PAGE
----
4. The Invisibles (all volumes) by Grant Morrison. A swaggeringly brilliant masterpiece of mentalist storytelling. I sorely wish that Morrison would concentrate on alt.comics but I guess he loves his Xmen and superhereoes too much. There's something gloriously over ripe about The Invisibles. It's a crazy trip! The art work is superb too from several brilliant artists.
  5. Safe Area Gorazde. Joe Sacco. Sacco tones down the Woody Allen-ish shambolic 'self' in this, as he interviews people from the town where horrendous events took place during the Bosnian war. It's truly appalling reading, and the reason is because he's such a great artist, and a great listener too.
  6. Space Dog. Now, bear with me. You will never have heard of this. I got it in a second hand bookshop, completely by accident. It's by a guy called Henrik Dorgathen, and you can't get it for love nor money - I know, I've tried, many times so friends can share in it. Luckily, Henrik has a website! here's a link to this truly wonderful story, which could be read to children - I say read, there are no words in it. Well. 1 word. It's brilliant. Take a look:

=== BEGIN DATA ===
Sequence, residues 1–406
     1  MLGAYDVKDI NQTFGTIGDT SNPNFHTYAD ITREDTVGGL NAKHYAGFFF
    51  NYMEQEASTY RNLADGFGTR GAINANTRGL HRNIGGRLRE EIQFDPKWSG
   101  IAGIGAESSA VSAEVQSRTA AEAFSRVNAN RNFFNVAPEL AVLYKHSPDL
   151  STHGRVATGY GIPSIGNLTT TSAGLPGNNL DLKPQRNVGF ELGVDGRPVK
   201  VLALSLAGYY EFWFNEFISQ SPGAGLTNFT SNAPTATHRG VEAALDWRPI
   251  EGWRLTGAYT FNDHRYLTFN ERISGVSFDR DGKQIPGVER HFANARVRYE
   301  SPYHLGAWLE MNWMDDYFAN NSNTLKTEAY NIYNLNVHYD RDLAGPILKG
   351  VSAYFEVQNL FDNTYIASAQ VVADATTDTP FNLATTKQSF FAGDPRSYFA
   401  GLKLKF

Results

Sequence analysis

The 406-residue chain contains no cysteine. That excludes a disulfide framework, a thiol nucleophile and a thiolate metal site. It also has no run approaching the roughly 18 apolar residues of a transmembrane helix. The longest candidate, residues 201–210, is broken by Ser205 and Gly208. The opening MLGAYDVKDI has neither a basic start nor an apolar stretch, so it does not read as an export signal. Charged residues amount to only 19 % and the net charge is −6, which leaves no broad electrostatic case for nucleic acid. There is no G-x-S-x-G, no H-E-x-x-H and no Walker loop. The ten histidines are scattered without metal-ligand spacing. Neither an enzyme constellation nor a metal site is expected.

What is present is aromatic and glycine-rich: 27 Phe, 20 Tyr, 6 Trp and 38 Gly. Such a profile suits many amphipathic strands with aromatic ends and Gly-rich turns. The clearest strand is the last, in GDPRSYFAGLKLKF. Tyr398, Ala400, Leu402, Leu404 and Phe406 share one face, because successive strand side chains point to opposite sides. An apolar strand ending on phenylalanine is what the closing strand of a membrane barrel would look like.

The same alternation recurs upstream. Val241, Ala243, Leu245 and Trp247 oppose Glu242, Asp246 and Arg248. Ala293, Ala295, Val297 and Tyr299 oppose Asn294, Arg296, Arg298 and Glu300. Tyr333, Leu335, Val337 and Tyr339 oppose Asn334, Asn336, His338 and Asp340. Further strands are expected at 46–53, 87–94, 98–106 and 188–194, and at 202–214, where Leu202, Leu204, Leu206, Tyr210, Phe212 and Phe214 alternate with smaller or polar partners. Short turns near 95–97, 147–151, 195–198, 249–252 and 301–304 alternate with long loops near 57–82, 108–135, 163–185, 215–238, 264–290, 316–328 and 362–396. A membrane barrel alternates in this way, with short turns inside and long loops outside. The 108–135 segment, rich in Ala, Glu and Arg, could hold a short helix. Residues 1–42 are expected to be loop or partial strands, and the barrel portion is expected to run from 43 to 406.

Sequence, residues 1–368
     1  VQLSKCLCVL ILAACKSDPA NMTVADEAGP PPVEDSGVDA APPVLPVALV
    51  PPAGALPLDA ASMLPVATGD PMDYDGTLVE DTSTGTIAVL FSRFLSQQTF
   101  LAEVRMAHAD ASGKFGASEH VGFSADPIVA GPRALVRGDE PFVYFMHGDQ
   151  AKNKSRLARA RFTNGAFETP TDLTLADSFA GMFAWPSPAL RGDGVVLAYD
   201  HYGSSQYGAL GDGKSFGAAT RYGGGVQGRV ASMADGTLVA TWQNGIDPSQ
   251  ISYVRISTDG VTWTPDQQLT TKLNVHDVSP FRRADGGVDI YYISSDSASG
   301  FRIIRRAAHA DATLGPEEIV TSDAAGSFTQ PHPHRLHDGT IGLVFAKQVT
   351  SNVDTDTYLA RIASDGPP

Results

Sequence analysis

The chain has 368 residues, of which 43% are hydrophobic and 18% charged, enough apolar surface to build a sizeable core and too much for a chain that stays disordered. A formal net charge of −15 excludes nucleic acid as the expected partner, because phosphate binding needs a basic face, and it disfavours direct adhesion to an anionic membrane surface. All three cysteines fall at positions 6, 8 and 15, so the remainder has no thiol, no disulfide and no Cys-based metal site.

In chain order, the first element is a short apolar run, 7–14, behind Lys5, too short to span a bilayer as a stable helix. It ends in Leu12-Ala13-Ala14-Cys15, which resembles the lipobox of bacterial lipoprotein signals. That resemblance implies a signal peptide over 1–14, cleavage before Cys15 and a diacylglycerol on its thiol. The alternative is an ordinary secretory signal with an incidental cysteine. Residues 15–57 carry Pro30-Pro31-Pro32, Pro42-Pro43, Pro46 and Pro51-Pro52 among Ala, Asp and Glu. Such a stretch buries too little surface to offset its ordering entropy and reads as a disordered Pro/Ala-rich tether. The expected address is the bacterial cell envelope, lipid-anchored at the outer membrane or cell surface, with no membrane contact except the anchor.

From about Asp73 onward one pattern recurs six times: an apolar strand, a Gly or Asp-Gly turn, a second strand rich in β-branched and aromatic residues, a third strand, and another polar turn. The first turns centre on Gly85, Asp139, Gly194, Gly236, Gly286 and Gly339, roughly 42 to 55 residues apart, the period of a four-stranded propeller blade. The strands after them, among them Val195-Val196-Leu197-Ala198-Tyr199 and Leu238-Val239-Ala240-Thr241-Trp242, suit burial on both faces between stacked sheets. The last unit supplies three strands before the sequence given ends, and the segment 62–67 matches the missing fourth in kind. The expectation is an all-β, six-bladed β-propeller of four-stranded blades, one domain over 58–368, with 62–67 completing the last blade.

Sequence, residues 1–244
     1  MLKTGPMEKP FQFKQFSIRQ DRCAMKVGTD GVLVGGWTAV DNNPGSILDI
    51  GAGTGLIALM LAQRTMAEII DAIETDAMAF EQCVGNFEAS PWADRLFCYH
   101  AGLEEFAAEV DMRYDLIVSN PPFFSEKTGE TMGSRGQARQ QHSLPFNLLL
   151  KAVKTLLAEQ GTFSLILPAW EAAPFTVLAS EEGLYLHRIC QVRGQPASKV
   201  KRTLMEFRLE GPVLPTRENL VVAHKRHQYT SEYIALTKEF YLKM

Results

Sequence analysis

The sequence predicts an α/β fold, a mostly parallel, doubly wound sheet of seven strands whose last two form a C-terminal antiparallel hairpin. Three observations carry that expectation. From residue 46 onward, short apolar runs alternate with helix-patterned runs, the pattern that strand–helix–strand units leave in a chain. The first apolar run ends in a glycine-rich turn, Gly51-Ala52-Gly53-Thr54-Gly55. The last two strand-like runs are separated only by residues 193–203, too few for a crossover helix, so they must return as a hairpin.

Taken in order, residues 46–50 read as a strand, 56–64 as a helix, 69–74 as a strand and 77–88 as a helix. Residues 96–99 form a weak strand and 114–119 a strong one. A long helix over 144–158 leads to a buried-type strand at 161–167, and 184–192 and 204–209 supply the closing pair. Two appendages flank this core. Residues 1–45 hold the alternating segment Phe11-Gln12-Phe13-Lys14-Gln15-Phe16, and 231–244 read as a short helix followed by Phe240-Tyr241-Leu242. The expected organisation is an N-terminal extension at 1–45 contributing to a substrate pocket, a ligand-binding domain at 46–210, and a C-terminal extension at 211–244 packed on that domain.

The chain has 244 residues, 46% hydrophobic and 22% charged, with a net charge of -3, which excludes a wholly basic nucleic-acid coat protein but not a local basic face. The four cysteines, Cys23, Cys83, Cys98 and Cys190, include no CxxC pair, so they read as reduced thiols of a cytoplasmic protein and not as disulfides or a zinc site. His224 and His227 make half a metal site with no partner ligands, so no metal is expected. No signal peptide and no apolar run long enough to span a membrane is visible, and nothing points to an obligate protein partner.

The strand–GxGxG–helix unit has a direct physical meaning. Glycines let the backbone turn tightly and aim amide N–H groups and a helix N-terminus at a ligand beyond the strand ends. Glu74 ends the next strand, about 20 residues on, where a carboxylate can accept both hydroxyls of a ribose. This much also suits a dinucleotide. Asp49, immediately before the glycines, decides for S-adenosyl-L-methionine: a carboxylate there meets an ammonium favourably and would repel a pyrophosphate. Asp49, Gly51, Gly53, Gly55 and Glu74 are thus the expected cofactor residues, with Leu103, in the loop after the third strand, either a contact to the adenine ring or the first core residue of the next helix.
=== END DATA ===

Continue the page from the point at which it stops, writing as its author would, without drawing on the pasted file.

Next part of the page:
7. The Idea. Frans Masereel. Frans Masereel's art and ideas are so strong they make me swoon. No words, only pictures and a brilliant, first half of the 20th century Kafka-like quality to the work. Also, a bawdy and rather lewd sense of humour which is a joy. I love all his stuff, but there's something about this one which just blows you away every time.